Nikola Jokic had blood on his elbow and every screaming Nuggets fan’s throbbing heart was filled with excitement. What happened on the night of the first Tuesday of June was much more than a sporting event.
It was the Denver crowd, who were getting up to celebrate not only their playoff win over Portland, but also shouting that COVID-19 can’t beat us.
And it was a beautiful noise. Take a bow, Denver. Greetings to you, Nuggets fans.
“They bring us life,” said Nuggets coach Michael Malone.
Denver won 147–140 in double overtime, denied 55 points by Portland guard Damien Lillard to ruin the party. The Nuggets took a 3–2 lead in the series, making one win away from advancing to the second round of the NBA playoffs.
But the real story here was a city coming together to embrace a large group, with the Ball Arena being roofed over by your 10,000-plus neighbors, after 15 long months when we were all under siege. Epidemic. Fans chanted “MVP!” chanted. In celebration of Jokic’s 38 points and every clenched jumper ridiculed by Portland forward Carmelo Anthony.
Off the field, behind Section 140, COVID vaccines were being given during the game to any fans who wanted to step behind the scenes and roll up their sleeves to get pricked with a needle.
Together, we are finally driving a stake through the brutal heart of the pandemic.
We will not forget the families and friends lost to COVID. But when Michael Porter Jr. spins a 3-point jumper to put the Nuggets ahead with 93 seconds left in second overtime, we scream from the bottom of our ever-loving souls because we don’t just want to survive. Happy, but also to get back the simple joys that make life worth living.
It was a classic playoff game that no one in attendance will ever forget. But this fight started slowly between NBA giants named Joker and Dame. The Blazers began begging to be beat Game 5.
With D and sizzling shooting, whatever the Nuggets did until the start of the second quarter, they hardened their mello. When Paul Milsap hit the driving layup with 7:52 remaining at halftime, Denver took a 54–32 lead.
Channel 4 anchorman Jim Benneman tweeted: “Getting ready to put in the Blazers Ryan Reeves.”
Not so fast guys. Our local NBA team has made dance an art form. Nuggets never do anything the easy way.
Denver has the league MVP, but no hammer. Instead of snuffing out the Blazers, Joker and company let Lillard warm up. Portland finished the first half on a 30–11 blitz, cutting an insurmountable Nuggets lead to just three points.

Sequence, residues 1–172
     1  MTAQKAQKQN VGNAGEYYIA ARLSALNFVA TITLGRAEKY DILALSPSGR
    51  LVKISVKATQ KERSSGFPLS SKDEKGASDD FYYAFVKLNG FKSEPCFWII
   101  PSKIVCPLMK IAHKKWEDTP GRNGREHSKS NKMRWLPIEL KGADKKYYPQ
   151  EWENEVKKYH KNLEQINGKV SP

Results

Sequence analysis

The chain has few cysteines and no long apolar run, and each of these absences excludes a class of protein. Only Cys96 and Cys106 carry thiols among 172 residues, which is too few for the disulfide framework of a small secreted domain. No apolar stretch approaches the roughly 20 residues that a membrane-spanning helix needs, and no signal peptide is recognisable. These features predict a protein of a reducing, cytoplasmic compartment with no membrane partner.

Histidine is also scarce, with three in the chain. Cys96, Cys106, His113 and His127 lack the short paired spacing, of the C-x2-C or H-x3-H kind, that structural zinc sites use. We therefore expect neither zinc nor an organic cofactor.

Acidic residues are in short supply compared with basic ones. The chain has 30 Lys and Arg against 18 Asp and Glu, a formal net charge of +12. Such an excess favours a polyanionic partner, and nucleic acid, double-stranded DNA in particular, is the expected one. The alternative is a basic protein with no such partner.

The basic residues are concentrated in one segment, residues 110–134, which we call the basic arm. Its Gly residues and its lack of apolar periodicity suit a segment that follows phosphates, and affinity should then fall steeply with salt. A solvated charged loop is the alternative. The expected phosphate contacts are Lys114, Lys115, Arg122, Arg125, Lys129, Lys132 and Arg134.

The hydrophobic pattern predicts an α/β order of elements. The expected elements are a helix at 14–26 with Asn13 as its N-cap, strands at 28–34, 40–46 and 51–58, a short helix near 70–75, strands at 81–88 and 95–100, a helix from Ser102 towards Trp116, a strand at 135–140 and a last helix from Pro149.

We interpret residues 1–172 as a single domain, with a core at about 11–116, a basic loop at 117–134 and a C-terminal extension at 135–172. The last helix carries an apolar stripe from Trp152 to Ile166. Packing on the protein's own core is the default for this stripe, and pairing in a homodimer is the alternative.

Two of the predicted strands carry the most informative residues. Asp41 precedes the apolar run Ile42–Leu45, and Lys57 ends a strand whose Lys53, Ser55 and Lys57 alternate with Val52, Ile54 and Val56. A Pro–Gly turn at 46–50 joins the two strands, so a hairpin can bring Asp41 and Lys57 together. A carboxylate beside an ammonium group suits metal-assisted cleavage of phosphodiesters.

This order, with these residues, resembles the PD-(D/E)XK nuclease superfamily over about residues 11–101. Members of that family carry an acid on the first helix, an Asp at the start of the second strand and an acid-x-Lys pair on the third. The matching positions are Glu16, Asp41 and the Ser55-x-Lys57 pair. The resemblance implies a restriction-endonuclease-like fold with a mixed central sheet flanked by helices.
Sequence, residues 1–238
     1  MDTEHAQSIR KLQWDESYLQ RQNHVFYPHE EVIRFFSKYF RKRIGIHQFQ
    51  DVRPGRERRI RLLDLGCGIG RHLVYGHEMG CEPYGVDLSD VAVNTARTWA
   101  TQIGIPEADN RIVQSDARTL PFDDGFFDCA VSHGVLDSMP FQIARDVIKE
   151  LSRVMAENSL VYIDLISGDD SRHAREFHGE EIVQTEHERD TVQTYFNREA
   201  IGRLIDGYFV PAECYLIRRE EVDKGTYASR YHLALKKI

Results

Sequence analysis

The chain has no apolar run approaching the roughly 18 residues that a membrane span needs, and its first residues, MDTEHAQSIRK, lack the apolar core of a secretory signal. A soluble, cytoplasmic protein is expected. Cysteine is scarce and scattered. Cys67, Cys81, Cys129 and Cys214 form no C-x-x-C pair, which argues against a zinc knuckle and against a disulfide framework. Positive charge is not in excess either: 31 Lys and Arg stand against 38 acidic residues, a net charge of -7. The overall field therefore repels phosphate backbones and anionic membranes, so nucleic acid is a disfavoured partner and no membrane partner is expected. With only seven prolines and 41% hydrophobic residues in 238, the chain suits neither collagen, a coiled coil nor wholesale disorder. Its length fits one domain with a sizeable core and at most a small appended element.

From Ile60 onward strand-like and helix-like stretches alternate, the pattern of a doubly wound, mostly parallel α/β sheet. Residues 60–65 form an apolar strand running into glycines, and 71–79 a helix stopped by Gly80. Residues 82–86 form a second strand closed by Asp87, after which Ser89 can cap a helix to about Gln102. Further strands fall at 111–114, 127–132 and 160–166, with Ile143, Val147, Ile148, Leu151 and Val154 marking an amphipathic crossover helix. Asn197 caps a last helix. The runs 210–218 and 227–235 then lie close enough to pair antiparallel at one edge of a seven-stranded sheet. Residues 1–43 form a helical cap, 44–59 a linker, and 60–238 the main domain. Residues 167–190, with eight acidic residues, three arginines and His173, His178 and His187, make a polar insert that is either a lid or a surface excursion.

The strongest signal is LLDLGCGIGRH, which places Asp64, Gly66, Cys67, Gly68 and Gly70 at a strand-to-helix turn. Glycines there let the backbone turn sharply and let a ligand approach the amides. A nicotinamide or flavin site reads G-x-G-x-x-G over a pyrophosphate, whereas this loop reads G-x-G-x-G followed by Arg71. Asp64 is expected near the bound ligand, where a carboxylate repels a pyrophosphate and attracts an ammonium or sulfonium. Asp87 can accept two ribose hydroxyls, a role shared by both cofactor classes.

During that ugly reversal of fate, it’s worth noting that Nuggets guard Austin Rivers kicked a cup off the scorer’s table in desperation, sending it to the Portland bench, forcing coach Terry Stotts and the Blazers to leap from their seats. Ready to rumble, ready to rumble.
Passion is good, and the rivers exhale intensely with every breath. But inciting persuasive fire in your enemy? that’s dumb.
The animosity between these teams is real and the fickleness can get under anyone’s skin. But anger management has long been a primary area Jokic needs to work on.
After losing the ball trying to post Enes Cantor in the third quarter, the Joker stood in the backcourt and barked at the referee while the Blazers ran upcourt for layups. When Jokic was slapped with a technical foul, a free throw by Lillard gave Portland an 83–82 lead, with 4:05 to spare.
From there, it was an emotional rollercoaster for Hyperspeed driven by Joker and Dame, two men able to raise goose bumps on those who hid themselves behind closed doors for too long, waiting for the COVID storm to pass. Were were
“Dame was going crazy,” said Porter, watching as Lillard drilled clutch 3-point jumps in the final seconds of the fourth quarter and first overtime to prolong the sweet agony.
But the Joker laughed for the last time. Back off the court after Game 5 of a playoff series, Which Makes Us Game Grateful is back, Jokic waving, waving and acknowledging every fan in his adopted hometown, a place whose soul is unbreakable.
“I think there is mutual respect,” Jokic said.
Who knew a return to normalcy could be such a good time?
“Let’s make it a sell next time,” Malone said. “Let the 19,000 fans in.”
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